The newly elected council decides to send Dayna Jurgens, Tom Cullen and Judge Farris west to spy on Flagg. This, despite the fact that Judge Farris’s head is filled with sand and his brain is in a jar in Washington. They hypnotize Tom and send him off to spy telling him to come back when the moon is full, which brings a cap to the M-O-O-N business. After this we see Harold humiliate himself by puking again. I like how Mick Garris and Stephen King keep having scenes together. Makes me think King kept grabbing Garris by the arm and telling him to come and be in the scene. Anyway, Harold comes home and finds Nadine in his house. See, Nadine is here to seduce Harold without loosing her virginity. It’s done in an unspecified manner because this is network TV and there are still wholesome things like Monistat 3 and Vagisil to sell. You can’t talk about sexual specifics when there are people who want to buy fine American products like these. Good Americans only have man on top, get it over with, missionary sex, so we can’t talk about anything else lest it upset the bluehairs and the pearl clutchers. Anyway, she seduces him to her side and convinces him to join her quest to destroy the people of Boulder and get to Flagg.

Do zombies pray to Zombie Jesus?

Harold decides that his part will be played with the application of dynamite as a party favor. He builds a bomb and gets Nadine to plant it in the house where the council meeting is being held. The explosion blows up half the council, but not before the other half is saved by a healthy does of deus ex machina in the form of a psychic message from Mother Abagail (bakes her own age, 106 loaves of bread) who just got back into town. Fran has a dream, and even in her dreams, she has to wear a dress, where Momma Abby (106 years old) tells her that Stu, Larry, Glen and Ralph have to go to Las Vegas. She then tells her they have to “Staaaand” before the dream ends. I’m not sure why Fran has to be the messenger, particularly when Momma Abby (106, bread) wakes up to give them a few more instructions before saying “Staaaand” and dying an extremely convenient death. Sorry, she just says it the same way every time. “Staaaand.” By the time she dies, I really, really hate Mother Abagail (died aged 106, no longer bakes any bread) since I find her both a symbol of the white guilt magic minority thing, but also because I honestly despise her brand of unthinking, simpering, unquestioning, toadying, unbending view towards religion. When she says “God ain’t in the habit of explaining himself to the likes of Abagail Freemantle.” I keep thinking “Well the bitch can come down and explain himself to me. Otherwise, I am prepared to staaaaand here with my hands in my pockets and whistle while the thunder comes down. He can explain or staaaand in amazement when he notices that I don’t intend to blink first.” Sorry, but it really bugs me. I come to hate Mother Abagail even more in the book, since there she represents everything that was going wrong in the old world as much as Flagg does.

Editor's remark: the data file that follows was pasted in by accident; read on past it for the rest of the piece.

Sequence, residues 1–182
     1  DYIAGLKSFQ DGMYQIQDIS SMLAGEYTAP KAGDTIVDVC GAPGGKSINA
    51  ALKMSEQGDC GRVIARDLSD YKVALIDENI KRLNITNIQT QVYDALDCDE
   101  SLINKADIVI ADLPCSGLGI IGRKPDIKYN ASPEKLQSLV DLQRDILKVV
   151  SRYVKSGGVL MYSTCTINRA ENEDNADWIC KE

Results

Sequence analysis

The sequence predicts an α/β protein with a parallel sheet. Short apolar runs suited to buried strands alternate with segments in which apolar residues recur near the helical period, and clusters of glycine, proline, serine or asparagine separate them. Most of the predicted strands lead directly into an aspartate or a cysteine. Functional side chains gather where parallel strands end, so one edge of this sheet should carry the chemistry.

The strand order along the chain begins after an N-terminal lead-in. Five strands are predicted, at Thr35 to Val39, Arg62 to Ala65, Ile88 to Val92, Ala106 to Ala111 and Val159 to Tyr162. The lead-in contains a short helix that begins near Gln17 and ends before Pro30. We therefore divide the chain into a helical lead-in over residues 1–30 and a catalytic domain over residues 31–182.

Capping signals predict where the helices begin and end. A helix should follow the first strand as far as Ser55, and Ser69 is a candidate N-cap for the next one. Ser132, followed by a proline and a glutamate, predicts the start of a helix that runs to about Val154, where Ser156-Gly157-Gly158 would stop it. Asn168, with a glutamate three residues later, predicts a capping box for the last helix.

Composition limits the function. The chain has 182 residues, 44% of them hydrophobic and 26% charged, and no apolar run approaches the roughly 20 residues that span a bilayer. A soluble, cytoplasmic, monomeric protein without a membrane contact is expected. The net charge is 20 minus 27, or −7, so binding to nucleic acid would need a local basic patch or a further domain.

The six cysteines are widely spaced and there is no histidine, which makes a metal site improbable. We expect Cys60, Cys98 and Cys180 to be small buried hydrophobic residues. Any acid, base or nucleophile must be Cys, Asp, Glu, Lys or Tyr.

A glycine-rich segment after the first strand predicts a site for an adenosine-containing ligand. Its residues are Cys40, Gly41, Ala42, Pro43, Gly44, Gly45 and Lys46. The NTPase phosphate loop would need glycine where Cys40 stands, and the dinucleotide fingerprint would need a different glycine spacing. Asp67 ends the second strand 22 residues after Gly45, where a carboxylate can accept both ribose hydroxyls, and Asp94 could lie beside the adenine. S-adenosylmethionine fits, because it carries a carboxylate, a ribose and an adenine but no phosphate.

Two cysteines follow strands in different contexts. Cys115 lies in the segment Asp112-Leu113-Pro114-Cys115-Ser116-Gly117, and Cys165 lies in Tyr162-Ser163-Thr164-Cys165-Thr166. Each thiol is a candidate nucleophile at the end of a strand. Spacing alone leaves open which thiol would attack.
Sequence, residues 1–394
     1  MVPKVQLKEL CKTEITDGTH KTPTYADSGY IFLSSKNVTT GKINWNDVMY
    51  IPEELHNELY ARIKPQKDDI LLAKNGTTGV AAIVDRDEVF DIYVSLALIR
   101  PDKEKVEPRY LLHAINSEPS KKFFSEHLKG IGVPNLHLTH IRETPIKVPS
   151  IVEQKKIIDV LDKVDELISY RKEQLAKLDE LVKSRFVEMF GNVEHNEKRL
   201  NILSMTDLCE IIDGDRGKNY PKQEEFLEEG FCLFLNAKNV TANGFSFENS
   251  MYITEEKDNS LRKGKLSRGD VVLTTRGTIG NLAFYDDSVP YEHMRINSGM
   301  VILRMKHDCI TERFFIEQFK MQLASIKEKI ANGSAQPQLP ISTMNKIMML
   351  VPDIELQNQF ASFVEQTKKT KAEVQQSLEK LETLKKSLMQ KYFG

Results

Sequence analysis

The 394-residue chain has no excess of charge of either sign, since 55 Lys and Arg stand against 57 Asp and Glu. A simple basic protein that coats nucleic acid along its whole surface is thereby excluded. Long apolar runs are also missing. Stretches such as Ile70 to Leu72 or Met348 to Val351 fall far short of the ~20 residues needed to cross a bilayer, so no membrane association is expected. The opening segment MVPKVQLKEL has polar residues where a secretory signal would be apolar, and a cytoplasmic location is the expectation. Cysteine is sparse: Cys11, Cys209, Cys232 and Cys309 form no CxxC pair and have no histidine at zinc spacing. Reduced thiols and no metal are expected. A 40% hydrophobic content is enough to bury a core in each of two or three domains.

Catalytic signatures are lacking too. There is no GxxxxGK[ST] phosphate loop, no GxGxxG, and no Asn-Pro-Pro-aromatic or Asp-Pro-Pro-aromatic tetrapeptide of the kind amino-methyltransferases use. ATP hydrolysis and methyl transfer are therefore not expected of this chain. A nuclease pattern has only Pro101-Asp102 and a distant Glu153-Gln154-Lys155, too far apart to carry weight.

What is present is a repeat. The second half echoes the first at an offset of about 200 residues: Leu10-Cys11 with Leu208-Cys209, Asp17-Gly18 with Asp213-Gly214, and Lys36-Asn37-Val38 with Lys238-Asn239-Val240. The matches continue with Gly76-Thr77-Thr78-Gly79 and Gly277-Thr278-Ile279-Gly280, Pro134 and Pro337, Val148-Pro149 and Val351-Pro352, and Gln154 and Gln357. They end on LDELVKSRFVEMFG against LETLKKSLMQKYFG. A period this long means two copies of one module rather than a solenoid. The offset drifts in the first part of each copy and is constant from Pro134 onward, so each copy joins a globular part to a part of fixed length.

The last scene for tonight has the four men walking away to the west. Fran acts like an annoying weepy bitch, which is a serious shame. She’s been progressively reduced from the loving, supporting, intelligent character that’s presented in the book to this whiner. We should take her concerns more seriously than we do though. At this point, Fran is the only one who seems to be talking anything like sense. Think about it, four guys should walk off into the west to do battle with the darkness and no one complains? Only one of them out of the whole society says “Screw this, lets have tacos instead” through all that? And she has to wear a dress the whole damn show? At least Lucy Swan (Larry’s sweetheart) gets to wear a pair of jeans, but not our Franny. I might be making too much out of this, but I’ve never seen women wear skirts as much in real life as I do on TV and in movies. It really bugs me that we seem to deny women the joy of a pair of pants. Fran is also the one who really doesn’t seem like the character in the book. Everyone else seems to have really gripped their book counterpart, but Fran is just… given a disservice in my mind. I’m not sure if it’s in the writing, or the acting, or even the directing, but she just doesn’t come across for me. Anyway, this is where night 3 ends, with our heroes walking off to the strains of some really excellent music by W.G. Snuffy Walden. King requested this music, asking for something that sounded like real American “Blue Jeans” music. It’s a nice mix of American folk and new age sort of music, with a bit of spiritual thrown in. The soundtrack is out of print, but you can still find it on the internet if you look.


Part Four: The Stand

Official Score For This Episode:
20 Degrees on the Graffiti Bridge Scale.
Official Score For the whole Movie:
26 Degrees on the Graffiti Bridge Scale.